Table of Contents

  • This 2018 edition of Health at a Glance: Europe marks the start of a new State of Health in the EU cycle by the European Commission designed to assist EU Member States in improving the health of their citizens and the performance of their health systems.

  • Health at a Glance: Europe 2018 presents comparative analyses of the health status of EU citizens and the performance of the health systems of the 28 EU Member States, 5 candidate countries and 3 EFTA countries. It is the first step in the State of Health in the EU cycle of knowledge brokering. This publication has two parts. Part I comprises two thematic chapters, the first focusing on the need for concerted efforts to promote better mental health, the second outlining possible strategies for reducing wasteful spending in health. In Part II, the most recent trends in key indicators of health status, risk factors and health spending are presented, together with a discussion of progress in improving the effectiveness, accessibility and resilience of European health systems.

  • Health at a Glance: Europe 2018 presents key data and analysis of health and health systems in the 28 EU member states, 5 candidate countries and 3 European Free Trade Association countries.

  • Good mental health is a critical part of individual well-being, and the foundation for happy, fulfilled, productive lives. However, this chapter finds that more than one in six people across EU countries had a mental health problem in 2016. Living with mental ill-health means that individuals are less able to succeed at school and work, are more likely to be unemployed, and may suffer worse physical health. For some, mental illnesses lead to premature mortality: over 84 000 people died of mental health problems and suicides across EU countries in 2015.The economic costs of mental illness are also significant. This chapter estimates total costs related to mental ill-health at more than 4% of GDP – or over EUR 600 billion – across the 28 EU countries in 2015. EUR 190 billion (or 1.3% of GDP) is direct spending on health care, another EUR 170 billion (1.2% of GDP) is spending on social security programmes, while a further EUR 240 billion (1.6% of GDP) is caused by indirect costs in the labour market, driven by lower employment rates and reduced productivity due to mental illness.The heavy economic, social and individual burden of mental illness is not inevitable, and more must be done to prevent and treat mental disorders, and to foster good mental health. The latter part of this chapter explores some effective ways by which European countries are promoting mental well-being and preventing mental illness, and identifies critical gaps where more action is needed.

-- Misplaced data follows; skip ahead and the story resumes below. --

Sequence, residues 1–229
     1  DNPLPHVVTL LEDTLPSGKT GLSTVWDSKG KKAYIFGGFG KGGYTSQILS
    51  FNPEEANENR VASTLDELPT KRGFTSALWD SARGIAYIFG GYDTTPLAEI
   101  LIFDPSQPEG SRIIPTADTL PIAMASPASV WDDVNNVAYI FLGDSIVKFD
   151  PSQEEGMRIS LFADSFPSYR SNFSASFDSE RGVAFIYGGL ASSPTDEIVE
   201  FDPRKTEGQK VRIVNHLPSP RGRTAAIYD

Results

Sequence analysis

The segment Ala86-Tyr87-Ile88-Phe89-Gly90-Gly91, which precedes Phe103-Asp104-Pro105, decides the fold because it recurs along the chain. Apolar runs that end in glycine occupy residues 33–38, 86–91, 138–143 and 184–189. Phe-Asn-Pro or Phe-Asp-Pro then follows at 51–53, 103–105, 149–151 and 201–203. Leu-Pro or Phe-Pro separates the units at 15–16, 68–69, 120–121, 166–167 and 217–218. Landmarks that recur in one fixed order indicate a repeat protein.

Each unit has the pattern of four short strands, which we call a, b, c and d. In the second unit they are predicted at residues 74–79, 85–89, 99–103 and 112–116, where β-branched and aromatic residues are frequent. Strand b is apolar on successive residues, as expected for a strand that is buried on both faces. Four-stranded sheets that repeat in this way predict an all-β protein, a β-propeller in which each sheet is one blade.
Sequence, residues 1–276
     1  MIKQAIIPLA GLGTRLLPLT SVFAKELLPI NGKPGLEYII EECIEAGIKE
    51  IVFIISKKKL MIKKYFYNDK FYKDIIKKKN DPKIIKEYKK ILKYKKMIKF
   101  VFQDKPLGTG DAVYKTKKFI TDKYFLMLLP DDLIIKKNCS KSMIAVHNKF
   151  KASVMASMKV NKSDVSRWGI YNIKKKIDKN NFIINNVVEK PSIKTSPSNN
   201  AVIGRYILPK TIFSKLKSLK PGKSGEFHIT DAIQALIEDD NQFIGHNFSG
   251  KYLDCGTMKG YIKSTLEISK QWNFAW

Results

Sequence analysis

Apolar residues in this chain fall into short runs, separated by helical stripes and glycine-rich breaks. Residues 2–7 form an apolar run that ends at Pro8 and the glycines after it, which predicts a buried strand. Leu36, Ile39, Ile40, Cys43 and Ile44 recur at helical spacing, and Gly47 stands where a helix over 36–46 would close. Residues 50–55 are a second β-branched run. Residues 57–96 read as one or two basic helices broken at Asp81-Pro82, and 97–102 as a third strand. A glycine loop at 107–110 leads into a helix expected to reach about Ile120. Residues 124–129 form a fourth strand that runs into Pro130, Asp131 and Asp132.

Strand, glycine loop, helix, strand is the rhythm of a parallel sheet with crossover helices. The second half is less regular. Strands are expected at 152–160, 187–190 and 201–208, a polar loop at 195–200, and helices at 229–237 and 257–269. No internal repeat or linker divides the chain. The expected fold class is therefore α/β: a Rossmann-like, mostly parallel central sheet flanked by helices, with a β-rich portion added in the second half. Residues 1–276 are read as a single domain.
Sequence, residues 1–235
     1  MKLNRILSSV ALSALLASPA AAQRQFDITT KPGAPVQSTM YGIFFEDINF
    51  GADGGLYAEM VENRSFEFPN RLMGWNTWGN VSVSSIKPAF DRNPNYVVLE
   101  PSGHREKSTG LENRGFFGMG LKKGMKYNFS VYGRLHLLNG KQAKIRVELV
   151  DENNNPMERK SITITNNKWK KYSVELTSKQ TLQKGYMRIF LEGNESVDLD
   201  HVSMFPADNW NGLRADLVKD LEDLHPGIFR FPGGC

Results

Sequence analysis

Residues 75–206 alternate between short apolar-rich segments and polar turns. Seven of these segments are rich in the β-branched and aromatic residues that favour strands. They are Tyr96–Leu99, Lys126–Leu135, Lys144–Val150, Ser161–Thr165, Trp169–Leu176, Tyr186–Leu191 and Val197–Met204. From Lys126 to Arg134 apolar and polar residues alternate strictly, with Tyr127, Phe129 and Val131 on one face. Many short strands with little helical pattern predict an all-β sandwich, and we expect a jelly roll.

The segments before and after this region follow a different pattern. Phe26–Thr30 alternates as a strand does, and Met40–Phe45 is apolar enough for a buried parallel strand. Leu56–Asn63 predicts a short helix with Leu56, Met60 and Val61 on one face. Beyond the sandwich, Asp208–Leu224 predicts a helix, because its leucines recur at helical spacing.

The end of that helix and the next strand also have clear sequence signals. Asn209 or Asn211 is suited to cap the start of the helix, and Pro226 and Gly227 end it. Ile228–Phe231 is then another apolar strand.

• Evidence suggests that as much as one-fifth of health spending is wasteful, and could be reduced or eliminated without undermining health system performance. With as much as 9.6% of European GDP directed to health care, reducing such spending is thus important not only for improving access to needed care, but also for ensuring health system resilience.This chapter points the lens at two particular areas of waste: hospitals and pharmaceuticals. Hospitals represent an integral and essential component of any functioning health system, but are often the most expensive part. In many instances, the resources consumed in hospitals can be put to more efficient use. Improved community care for chronic diseases could reduce millions of avoidable admissions and bed days across EU countries. Reducing unnecessary investigations and procedures would not compromise quality. Greater use of day surgery and reducing delays in discharging patients no longer requiring inpatient care could also free-up resources for patients with greater needs.Minimising waste and optimising the value derived from expenditure on pharmaceuticals are also critical to efficient and sustainable health systems. This chapter discusses a mix of supply and demand side policy levers that include ensuring value for money in selection and coverage, procurement and pricing of medicines; exploiting the potential of savings from generics and biosimilars; encouraging rational prescribing and use; and improving adherence to treatment.Ultimately, progress in reducing wasteful spending may be seen not only as a barometer of quality improvement, but also an ethical and financial imperative in the pursuit of more resilient and equitable health care systems.